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In most clinical contexts, it is still unclear whether and under what circumstances the ECV measurement is superior to native T1, or even whether it provides relevant additional information compared to the latter parameter. Studies have provided conflicting results in this regard.15

Reference values

A correct evaluation and interpretation of myocardial mapping depends on the existence of reliable reference values. It is important to remember that the normal values of myocardial T1 times are influenced by many factors, including magnetic field strength (1.5 or 3.0 Tesla), as shown in Table 1, as well as the sequence used (which in turn varies according to device manufacturer and even device model).16–21 Other factors that influence the T1 time include heart rate and the region of the heart being assessed (with slightly higher values in the apical segments). Ideally, each center should establish its own reference values using the devices and sequences available to it in healthy volunteers.

Table 1.

Reference values for T1±standard deviation (SD) native and contrast-enhanced in ms, for myocardium and blood.

T1 mapping method  Intensity of the magnetic field  MyocardiumBlood
    Native T1 (ms)  T1 contrast (ms)  Native T1 (ms)  Contrast T1 (ms) 
Dabir 201419
MOLLI (n=34)  1.5 T  950±21  415±113  1551±115  291±122 
MOLLI (n=32)  3.0 T  1052±23  421±131  1736±139  277±106 
Piechnik 201011
ShMOLLI (n=342)  3.0 T  953±23  1515±91 
Liu 201317
MOLLI (n=1231)  1.5 T  977±42 
vonKnobelsdorff 201322
MOLLI (n=60)  3.0 T  1157.1-1180.6  399.7-427.3 

Legends: MOLLI: modified Look-Locker method; ShMOLLI: short Look-Locker modified.

Clinical applications of T1 mapping

Several recent studies have consistently demonstrated a good correlation between histological indices of interstitial fibrosis and native T1, post-contrast T1, and ECV values,23 thus establishing MRI myocardial mapping as a noninvasive tool in the study of fibrosis and interstitial remodeling of the myocardium.24–27 This technique thus increases the ability of MRI to provide useful diagnostic and prognostic information in various scenarios, thus justifying its increasing use in clinical practice.

Aortic stenosis and hypertensive heart disease

The differential diagnosis of left ventricular hypertrophy (LVH) is a common clinical challenge, especially when distinguishing between primary myocardial disease, such as hypertrophic cardiomyopathy (HCM), and hypertrophy secondary to pressure overload from aortic stenosis (AS) or hypertension. All of these diseases culminate in adverse myocardial remodeling that can be identified by MRI.4

Similar to hypertension, aortic stenosis leads to left ventricular overload with the consequent activation of prohypertrophic and pro-fibrotic pathways.4 Diffuse interstitial fibrosis appears to be a key determinant in the development of systolic and diastolic dysfunction in patients with AS and can be assessed noninvasively by T1 mapping.28 AS is associated with increased native T1 and ECV times, both of which correlate highly with the presence and amount of interstitial fibrosis documented by endomyocardial biopsy.25,29 These results have been reported in several studies and demonstrate the potential of T1 mapping in the diagnosis of interstitial fibrosis.30,31 T1 measurements also appear to have potential in the prognostic assessment of patients with AS: individuals with greater native T1 prolongation have a higher risk of all-cause death or hospitalization for heart failure (HF).32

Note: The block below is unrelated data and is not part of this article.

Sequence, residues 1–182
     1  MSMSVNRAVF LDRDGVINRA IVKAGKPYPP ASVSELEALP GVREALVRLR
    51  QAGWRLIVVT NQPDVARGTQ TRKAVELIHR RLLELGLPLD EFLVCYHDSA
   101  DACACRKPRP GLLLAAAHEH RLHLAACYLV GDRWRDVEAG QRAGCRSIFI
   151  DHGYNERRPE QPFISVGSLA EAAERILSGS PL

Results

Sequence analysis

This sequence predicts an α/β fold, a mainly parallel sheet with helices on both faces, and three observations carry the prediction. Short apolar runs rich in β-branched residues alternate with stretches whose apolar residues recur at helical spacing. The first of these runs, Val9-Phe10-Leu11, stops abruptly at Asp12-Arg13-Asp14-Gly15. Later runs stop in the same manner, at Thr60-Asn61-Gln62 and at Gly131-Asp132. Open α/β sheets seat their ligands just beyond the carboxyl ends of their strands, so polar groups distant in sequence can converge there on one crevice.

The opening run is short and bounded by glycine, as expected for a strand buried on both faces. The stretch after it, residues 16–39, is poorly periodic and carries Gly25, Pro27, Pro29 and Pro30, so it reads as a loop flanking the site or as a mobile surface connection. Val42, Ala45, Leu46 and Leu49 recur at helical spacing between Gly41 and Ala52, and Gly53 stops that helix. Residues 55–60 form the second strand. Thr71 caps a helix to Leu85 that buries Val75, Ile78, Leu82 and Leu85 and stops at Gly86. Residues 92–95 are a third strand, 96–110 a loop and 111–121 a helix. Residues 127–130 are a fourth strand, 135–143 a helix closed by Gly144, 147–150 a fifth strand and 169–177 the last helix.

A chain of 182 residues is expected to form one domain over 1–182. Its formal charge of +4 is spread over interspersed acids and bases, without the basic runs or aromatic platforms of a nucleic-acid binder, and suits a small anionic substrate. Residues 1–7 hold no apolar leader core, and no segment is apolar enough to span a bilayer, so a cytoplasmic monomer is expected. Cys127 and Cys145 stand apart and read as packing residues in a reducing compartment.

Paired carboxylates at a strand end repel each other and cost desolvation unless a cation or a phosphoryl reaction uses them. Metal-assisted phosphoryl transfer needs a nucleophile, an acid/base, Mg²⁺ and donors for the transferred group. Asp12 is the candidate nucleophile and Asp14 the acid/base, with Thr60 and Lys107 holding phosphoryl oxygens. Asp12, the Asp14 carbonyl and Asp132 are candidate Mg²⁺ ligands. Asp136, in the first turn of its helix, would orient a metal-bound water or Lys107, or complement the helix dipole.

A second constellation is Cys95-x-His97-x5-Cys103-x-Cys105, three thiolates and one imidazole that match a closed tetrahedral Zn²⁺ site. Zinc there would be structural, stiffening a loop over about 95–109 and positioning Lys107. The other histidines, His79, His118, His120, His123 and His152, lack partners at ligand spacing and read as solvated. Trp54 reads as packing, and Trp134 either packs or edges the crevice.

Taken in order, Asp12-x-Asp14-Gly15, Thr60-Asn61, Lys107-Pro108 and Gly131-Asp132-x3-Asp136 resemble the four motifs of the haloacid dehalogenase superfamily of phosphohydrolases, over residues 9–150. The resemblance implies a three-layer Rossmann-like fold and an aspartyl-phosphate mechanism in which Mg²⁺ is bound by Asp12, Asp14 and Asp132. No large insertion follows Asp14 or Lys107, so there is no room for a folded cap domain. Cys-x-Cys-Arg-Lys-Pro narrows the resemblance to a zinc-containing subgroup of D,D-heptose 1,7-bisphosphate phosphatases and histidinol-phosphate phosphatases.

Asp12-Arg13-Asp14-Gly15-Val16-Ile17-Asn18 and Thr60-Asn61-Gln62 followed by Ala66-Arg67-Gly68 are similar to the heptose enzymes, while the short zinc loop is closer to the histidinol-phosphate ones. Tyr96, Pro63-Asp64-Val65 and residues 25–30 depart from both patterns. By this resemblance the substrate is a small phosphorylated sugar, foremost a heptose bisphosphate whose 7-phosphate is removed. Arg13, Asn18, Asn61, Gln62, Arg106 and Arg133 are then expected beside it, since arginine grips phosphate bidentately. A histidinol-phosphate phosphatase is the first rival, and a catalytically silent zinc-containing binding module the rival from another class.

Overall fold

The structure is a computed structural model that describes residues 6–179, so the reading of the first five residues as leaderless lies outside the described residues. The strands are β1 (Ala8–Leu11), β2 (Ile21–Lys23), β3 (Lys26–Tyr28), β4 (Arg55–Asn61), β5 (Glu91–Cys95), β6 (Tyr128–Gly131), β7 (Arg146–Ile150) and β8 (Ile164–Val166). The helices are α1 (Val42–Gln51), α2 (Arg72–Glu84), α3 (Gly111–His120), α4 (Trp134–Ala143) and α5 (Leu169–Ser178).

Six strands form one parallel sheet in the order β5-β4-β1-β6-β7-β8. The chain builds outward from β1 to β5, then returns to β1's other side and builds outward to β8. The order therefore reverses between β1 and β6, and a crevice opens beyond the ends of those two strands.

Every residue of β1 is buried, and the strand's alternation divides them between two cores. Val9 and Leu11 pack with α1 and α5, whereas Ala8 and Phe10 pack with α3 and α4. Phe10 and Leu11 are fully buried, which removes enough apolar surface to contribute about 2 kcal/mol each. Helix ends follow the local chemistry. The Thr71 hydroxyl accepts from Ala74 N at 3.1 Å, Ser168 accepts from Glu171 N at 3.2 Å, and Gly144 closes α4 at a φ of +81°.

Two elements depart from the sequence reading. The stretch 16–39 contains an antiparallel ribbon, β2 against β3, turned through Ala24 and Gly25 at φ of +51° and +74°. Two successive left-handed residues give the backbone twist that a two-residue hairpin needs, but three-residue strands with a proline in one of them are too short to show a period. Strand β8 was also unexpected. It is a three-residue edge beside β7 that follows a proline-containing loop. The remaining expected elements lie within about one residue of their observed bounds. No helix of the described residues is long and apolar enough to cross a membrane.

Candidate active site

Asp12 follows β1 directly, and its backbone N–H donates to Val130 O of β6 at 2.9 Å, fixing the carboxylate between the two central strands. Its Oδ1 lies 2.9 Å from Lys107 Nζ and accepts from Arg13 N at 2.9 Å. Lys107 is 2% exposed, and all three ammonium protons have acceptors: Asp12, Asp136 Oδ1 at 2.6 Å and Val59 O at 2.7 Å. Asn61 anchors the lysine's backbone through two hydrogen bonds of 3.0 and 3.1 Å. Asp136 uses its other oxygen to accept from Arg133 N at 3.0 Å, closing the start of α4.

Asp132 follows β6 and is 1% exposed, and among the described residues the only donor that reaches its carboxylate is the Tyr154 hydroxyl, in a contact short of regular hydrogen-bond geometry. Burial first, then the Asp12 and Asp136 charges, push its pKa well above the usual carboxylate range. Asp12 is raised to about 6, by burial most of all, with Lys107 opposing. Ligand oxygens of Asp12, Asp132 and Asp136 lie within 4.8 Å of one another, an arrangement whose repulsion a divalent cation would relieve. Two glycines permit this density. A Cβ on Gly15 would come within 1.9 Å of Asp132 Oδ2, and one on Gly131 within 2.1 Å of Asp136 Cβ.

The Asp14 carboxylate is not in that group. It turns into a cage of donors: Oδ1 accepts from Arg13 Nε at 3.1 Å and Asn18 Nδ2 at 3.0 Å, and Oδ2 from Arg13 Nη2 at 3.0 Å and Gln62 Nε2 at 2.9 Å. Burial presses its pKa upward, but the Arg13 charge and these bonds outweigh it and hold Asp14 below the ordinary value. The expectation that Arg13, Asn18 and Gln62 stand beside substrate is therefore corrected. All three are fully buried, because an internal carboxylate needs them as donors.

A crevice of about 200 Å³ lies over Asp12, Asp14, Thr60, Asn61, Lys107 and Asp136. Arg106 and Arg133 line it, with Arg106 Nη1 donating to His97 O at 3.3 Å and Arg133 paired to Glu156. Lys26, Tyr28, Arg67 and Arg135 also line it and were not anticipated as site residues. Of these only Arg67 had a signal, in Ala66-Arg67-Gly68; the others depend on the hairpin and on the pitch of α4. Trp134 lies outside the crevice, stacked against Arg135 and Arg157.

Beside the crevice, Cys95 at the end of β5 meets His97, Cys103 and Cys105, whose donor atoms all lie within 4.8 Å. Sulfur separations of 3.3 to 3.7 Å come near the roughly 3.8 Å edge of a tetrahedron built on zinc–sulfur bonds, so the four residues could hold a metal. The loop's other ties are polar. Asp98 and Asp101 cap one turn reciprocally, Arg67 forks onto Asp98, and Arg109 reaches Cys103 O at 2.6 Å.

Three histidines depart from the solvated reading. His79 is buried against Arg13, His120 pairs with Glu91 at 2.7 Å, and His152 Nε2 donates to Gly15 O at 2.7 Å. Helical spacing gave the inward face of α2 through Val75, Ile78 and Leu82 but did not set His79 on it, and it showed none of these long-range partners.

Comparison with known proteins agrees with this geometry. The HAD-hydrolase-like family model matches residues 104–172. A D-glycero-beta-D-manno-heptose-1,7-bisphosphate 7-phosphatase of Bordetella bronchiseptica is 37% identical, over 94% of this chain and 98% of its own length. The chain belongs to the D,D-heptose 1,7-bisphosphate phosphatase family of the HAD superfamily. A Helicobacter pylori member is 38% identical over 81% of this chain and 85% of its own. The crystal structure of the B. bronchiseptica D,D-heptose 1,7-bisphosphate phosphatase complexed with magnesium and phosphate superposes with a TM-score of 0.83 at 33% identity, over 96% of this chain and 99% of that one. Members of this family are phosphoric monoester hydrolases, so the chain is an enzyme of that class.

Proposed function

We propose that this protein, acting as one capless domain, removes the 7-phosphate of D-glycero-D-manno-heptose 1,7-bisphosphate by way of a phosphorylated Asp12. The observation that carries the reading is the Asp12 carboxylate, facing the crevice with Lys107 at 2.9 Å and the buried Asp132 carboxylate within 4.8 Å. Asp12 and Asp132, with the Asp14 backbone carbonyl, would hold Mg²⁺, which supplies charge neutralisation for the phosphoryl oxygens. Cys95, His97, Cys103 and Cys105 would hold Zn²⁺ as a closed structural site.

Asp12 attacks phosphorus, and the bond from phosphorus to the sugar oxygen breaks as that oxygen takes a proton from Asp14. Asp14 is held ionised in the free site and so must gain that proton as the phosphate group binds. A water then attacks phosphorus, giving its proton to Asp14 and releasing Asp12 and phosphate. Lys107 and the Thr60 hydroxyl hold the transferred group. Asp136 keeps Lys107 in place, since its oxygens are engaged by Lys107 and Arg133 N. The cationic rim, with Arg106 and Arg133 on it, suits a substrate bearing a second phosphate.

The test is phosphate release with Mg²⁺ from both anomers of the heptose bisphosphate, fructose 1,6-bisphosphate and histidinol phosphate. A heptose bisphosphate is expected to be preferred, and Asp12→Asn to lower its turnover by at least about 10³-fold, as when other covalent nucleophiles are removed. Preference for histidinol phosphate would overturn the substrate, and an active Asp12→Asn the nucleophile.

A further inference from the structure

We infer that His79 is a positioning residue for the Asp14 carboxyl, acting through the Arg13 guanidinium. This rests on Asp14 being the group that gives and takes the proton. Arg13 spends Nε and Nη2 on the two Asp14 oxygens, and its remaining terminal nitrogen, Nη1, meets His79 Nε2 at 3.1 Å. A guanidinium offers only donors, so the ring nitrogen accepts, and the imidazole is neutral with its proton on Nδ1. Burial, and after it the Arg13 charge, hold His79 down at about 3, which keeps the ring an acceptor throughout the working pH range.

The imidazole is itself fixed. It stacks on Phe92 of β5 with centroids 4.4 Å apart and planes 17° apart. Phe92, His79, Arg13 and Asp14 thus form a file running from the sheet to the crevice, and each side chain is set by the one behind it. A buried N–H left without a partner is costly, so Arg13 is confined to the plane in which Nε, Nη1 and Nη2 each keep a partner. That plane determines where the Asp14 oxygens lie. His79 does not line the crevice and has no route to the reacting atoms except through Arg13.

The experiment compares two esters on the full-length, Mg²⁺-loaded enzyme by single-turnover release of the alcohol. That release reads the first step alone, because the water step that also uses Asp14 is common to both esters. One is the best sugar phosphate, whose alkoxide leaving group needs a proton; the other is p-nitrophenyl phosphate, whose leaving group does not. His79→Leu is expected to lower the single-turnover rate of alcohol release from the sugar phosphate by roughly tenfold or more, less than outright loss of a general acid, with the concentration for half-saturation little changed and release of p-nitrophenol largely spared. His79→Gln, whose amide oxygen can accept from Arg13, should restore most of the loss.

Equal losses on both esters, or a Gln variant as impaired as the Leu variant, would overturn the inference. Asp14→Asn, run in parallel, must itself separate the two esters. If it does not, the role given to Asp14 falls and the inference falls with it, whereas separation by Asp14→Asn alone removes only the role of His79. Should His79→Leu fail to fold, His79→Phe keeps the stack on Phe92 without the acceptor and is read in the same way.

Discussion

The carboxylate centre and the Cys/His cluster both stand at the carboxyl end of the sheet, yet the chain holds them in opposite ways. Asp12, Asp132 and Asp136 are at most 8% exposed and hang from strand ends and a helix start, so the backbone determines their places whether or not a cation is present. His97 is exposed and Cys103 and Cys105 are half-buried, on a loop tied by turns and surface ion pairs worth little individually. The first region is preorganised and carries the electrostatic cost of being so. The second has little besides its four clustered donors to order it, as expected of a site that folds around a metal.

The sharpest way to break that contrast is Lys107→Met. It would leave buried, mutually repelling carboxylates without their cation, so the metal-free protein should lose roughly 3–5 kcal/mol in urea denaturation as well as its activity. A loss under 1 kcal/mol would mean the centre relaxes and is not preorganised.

Left ventricular hypertrophy secondary to hypertension is also associated with changes similar to those seen in AS, such as increased ECV and native T,33,34 albeit to a milder degree. These results, however, are not seen in the early phase of the disease: hypertensive individuals who do not have LVH do not present significant changes in T1 mapping, again demonstrating the ability of MRI to document ventricular remodeling specifically.34

Hypertrophic cardiomyopathy

Hypertrophic cardiomyopathy is characterized by LVH not secondary to pressure overload and is accompanied by the presence of dysmorphic cardiomyocytes with loss of their structural alignment, fascicular disarray, and interstitial fibrosis.5 The interstitial fibrosis and extracellular matrix expansion characteristic of HCM can be identified by MRI. Several studies demonstrate a change in T1 map values in patients with HCM, with prolongation of native T1 time, increased ECV and decreased post-contrast T1 value (Figure 3A).34–38 Even in myocardial areas without late enhancement, T1 mapping identifies diffuse interstitial fibrosis, suggesting the presence of subclinical myocardial disease not demonstrable by late enhancement.35 Additionally, post-contrast T1 time correlates with echocardiographic indices of diastolic dysfunction in HCM, pointing to a mechanistic association between diffuse interstitial fibrosis and diastolic dysfunction.38

Carriers of HCM-associated mutations with no phenotypic expression (genotype-positive, phenotype-negative individuals) also show changes in T1 maps, such as expansion of the ECV.39 These findings suggest that myocardial remodeling in HCM occurs dynamically and precedes the development of LVH, so MRI has the potential to identify individuals at a preclinical stage of disease.4